February 3, 2022
Last week an anniversary came and went without a lot of attention. It was the 77th anniversary of the liberation of Auschwitz, one of the most notorious death camps of World War II. Each year, Jan. 27 is set aside as the International Holocaust Remembrance Day. While there were many ceremonies throughout Europe this year and a few here in the U.S., it seems that the Holocaust is becoming a distant memory—a time of horrible torture and death, but with minimal effect on society today.
In the summer of 2014, Joel Meeker and I visited the scene of another holocaust, or genocide, as it is more often referred to: the 1994 genocide in the now mostly peaceful and, by African standards, economically successful nation of Rwanda. Having been to both Yad Vashem, the holocaust museum in Jerusalem, and the genocide memorial in Kigali, Rwanda, I believe I was more shaken by what I saw in Rwanda. Both museums will bring you to tears, but there is an eeriness to what happened in Rwanda that is hard to shake.
When you visit Yad Vashem, you see the chests full of clothes and personal belongings left behind outside the gas chambers at Auschwitz and are reminded that these were real people who were put to death simply because they were Jews. The last stop at Yad Vashem is called the Children’s Memorial. There are pictures from the identity papers of hundreds of thousands of children flashed on the wall. And there are hundreds of thousands of lights twinkling on a black ceiling representing the 1.5 million children who died in the death camps during the Holocaust. If you hadn’t been brought to tears already, you certainly would be when leaving this section of the museum.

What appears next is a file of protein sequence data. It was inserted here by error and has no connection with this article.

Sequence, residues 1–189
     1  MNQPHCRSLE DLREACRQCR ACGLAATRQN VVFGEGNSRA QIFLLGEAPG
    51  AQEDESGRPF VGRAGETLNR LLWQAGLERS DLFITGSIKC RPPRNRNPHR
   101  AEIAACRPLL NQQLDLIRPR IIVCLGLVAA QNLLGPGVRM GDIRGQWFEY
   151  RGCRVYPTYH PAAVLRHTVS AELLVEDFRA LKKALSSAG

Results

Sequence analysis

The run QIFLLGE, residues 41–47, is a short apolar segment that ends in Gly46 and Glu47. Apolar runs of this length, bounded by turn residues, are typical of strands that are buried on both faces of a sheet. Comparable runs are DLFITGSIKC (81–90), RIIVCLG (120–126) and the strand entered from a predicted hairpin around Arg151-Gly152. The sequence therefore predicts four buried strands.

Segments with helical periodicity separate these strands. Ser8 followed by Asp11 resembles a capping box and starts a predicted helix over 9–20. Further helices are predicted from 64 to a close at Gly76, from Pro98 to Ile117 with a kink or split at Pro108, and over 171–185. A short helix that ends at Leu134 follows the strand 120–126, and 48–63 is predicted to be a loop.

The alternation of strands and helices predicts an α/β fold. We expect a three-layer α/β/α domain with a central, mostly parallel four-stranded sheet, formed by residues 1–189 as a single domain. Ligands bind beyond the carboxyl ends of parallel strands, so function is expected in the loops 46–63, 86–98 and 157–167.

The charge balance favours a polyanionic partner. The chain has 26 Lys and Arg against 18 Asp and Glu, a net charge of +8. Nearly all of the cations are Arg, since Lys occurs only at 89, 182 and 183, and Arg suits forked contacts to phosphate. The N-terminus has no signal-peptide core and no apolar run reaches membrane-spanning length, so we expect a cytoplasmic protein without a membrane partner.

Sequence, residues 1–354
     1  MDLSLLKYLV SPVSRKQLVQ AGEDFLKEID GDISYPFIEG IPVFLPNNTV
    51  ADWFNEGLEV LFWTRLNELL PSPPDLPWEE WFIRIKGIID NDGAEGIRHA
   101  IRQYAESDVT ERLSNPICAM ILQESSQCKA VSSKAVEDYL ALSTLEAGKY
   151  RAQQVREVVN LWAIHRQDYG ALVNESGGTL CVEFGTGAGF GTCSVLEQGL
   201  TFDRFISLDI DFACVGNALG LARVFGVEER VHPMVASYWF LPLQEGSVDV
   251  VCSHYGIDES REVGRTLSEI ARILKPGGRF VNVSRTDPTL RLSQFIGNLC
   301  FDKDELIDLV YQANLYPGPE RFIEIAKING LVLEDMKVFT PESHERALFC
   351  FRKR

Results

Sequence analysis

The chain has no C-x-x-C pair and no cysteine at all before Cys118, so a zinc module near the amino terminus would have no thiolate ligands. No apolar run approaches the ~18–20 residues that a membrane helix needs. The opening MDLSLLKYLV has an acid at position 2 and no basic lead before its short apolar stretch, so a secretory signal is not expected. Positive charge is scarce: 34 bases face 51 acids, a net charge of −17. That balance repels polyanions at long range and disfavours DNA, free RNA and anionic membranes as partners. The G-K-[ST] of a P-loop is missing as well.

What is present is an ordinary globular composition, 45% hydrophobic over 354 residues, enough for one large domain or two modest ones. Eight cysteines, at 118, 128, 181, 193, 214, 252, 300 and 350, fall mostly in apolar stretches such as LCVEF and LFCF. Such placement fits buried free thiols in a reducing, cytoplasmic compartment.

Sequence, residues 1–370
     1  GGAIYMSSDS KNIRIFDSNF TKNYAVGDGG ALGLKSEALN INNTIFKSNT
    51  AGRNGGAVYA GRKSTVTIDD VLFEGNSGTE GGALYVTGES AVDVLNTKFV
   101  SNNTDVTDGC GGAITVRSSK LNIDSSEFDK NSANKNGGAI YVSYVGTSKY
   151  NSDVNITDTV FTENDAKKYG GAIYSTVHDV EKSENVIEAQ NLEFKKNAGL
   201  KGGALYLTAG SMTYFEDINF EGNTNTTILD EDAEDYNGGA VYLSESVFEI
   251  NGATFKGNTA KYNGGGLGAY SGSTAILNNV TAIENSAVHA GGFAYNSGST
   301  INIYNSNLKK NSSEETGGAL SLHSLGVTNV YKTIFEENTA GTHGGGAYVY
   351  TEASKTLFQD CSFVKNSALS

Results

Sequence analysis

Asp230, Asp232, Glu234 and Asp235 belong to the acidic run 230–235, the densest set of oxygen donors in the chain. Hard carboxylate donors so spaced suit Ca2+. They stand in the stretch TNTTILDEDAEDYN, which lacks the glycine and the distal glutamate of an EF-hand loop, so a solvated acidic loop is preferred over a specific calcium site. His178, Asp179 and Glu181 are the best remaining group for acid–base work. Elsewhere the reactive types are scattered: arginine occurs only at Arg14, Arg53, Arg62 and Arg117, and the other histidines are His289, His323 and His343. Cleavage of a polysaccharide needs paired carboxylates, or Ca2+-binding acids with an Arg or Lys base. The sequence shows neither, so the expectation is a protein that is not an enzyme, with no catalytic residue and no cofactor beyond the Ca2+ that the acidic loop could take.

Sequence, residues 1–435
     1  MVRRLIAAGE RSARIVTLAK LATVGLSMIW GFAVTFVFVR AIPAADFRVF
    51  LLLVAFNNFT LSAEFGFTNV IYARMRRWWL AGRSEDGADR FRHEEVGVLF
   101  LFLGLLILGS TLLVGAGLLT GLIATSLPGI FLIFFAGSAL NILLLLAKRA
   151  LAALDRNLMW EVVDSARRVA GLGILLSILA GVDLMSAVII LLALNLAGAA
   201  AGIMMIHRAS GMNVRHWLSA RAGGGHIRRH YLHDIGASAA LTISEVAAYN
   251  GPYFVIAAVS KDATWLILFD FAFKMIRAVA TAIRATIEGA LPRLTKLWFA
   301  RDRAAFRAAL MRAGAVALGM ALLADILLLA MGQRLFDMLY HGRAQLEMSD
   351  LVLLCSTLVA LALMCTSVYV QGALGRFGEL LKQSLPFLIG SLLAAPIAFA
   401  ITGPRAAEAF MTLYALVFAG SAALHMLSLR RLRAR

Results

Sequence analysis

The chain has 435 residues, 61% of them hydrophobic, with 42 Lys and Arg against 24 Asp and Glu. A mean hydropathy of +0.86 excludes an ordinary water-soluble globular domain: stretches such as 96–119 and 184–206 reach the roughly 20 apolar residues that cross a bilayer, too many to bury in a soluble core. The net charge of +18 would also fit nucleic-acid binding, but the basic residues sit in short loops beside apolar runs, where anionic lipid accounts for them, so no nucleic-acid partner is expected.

In Rwanda it was different. The country’s two major tribal groups, the Hutus and the Tutsis, are, for all practical purposes, similar in appearance and culture, but had deep animosity toward one another. After decades of abuse between the two groups—depending on who was in charge—violence broke out in a dramatic fashion after the assassination of the Rwandan and Burundian presidents when their private plane was shot down on April 6, 1994, while preparing to land in Kigali, the capital city of Rwanda. The Rwandan president at that time, Juvénal Habyarimana, was from the majority Hutu tribe (85 percent of Rwandans are Hutu, with about 14 percent Tutsi). The violence began immediately, and it was brutal—neighbors killing neighbors, with the Hutus killing Tutsis by the hundreds of thousands. It was a genocide. In approximately 100 days, around 800,000 lives were snuffed out in the most brutal fashion you could imagine. Many were hacked to death with machetes.
These two events are probably the most well-known examples of man’s inhumanity to man, but they are not alone. You can name additional groups who suffered (or are suffering) because of their ethnic, racial or religious background. There are the “reeducation camps” for Uyghurs in China, the mass killings in Ethiopia in the Tigray region, the civil war in Syria, the civil war in the Sudan, and so on. The United States Holocaust Memorial Museum lists 10 countries where mass killings by groups are occurring right now (ushmm.org/genocide-prevention/blog/state-of-the-world-mass-killing-in-2020).